ipv6calc: IP address assignments as source code
I'm planning to adopt the ipv6calc package, a small utility for
manipulating IPv6 addresses. It can do address format conversions and
report information about the address. For the latter functionality,
it contains listings of IPv6, IPv4, and Ethernet address assignments
collected from various sources. These pose a problem I'd like some
The program is licensed under GPLv2. The address listings are distributed
in the upstream  tarball as C header files with an (optional) Makefile
target that regenerates them. The regeneration is done by downloading
the original public address lists from all the RIRs (Regional Internet
Registries, ie. ARIN, RIPE, APNIC etc.), IANA, and IEEE and converting
them with some perl magic.
The original address assignment listings mostly don't have any copyright
or licensing information. See the end of this mail for details.
The ipv6calc upstream tarball database directory contains a README saying:
Because of unknown license issues, the database files aren't
included in source tarball (cleanup by "make distclean"), but
will be retrieved on "make"
Thus my understanding is that
1. The C header files containing the address assignments in the tarball
are not source code in the GPL sense, ie. 'the preferred form of the
work for making modifications'. This means that we're technically
violating the GPL distributing the ipv6calc package in its current form.
2. We're also of course violating the Social Contract by distributing
software without full source.
2. We don't know if all of the real source code for the address listings
is distributable at all.
3. Even if all of it is distributable, if some part of it is under a
GPL-incompatible license, the end result is undistributable
without a license exemption.
Unless somebody tells me I'm wrong somewhere, I'm about to file a
serious bug on the current ipv6calc package because of this.
Now, here are the options I can think of to fix that bug:
1. Drop ipv6calc from Debian completely
2. Repack the source tarball and replace the address assignment database
information with a stub like "NOT-AVAILABLE".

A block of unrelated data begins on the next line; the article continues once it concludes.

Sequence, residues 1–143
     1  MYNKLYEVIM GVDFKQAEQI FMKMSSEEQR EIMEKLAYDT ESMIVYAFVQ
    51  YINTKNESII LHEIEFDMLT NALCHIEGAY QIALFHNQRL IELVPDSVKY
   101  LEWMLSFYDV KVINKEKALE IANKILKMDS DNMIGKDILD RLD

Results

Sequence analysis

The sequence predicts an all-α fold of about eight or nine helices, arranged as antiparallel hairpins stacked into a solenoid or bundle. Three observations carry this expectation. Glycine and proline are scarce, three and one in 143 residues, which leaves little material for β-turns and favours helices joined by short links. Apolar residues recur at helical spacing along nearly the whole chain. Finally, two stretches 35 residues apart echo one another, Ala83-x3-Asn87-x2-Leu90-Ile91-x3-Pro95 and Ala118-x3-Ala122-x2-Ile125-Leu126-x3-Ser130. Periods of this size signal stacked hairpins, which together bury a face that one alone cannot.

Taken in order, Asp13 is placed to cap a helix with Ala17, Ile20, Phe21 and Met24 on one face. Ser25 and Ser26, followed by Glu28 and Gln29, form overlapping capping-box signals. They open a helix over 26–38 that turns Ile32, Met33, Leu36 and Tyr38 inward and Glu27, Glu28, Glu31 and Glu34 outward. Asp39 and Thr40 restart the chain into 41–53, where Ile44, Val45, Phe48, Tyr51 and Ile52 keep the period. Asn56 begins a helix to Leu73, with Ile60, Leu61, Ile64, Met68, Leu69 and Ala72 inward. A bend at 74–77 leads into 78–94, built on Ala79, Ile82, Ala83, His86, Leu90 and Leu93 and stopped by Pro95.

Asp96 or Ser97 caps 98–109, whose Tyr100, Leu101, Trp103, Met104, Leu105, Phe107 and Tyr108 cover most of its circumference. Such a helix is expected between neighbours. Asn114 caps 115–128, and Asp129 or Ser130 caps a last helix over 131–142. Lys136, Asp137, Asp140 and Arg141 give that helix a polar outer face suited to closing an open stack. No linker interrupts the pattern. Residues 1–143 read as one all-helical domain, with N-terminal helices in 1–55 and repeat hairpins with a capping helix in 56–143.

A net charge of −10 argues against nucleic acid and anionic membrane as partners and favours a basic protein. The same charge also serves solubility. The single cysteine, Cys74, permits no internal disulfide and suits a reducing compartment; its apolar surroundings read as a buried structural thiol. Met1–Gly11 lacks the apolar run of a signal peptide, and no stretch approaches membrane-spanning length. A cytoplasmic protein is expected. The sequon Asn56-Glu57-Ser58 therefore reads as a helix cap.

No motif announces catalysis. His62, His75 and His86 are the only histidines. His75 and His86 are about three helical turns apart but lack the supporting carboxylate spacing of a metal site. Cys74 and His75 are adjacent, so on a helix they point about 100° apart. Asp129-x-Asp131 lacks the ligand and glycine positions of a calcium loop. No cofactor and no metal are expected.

2.1 Move the database functions (without the data) into a separate
"plugin" library that is used by ipv6calc only if it's
installed. Put that into contrib. Make the users download the
data themselves, preferably with help of an installer script.
3. Get explicit copyright and licensing statements from IANA, all the RIRs
and IEEE. (seems unlikely) If all the licensing statements are
GPL-compatible (even more unlikely), be happy.
3.1 If all of the licensing statements are DFSG-free but some are not
GPL-compatible, just get a license exemption from the ipv6calc
3.2 If some the licensing statements are not DFSG-free, but all are
distributable, make the databases a separate library in non-free
and move ipv6calc into contrib. Still need a license exemption
from the upstream author.
3.3 Alternative to 3.2: make the databases a separate "plugin"
library in non-free and use it in ipv6calc only if it's installed.
Maybe need a license exemption (?)
As the address database functions are only a part of the ipv6calc
functionality, I assume that in 2.1 or 3.3 the rest of ipv6calc could
stay in main. Please correct me if I'm wrong.
Realistically, I think 2.1 is the way to go. I don't think it's worth
it unless the changes get integrated upstream, though. I'm not very
optimistic about 3, and prefer 2.1 over 3.2 or 3.3.
I have not discussed this with the upstream author yet, as I wanted to
'check my facts' here first. I'd appreciate if somebody could tell me
if my reasoning is correct or not. Any possible options I have missed
would be welcome :)
Last, some detailed info on the database licenses.
For the IEEE case , I suppose the only licensing info available is at
, which grants personal use but forbids distribution.
For IANA, the data actually is already in Debian main, in the doc-iana
package. The e-mail correspondence found in the doc-iana debian/copyright
file  indicates that the "rfc-copyright-story" document  applies
to all IANA documents. This looks DFSG-free to me, but I'm not sure if
the information is still current.
For APNIC, the README.txt on the web site  states:
The files are freely available for download and use on the condition
that APNIC will not be held responsible for any loss or damage
arising from the use of the information contained in these reports.
which would seem OK for non-free (but not DFSG-free or GPL-compatible
as such, as there's nothing about modification).
For the rest of the RIRs [6,7,8,9] the best I have found is 'All rights
reserved' on their web sites.
(Oh my, this all now seems way overkill for such a little package.
But since I started... :)
Niko Tyni firstname.lastname@example.org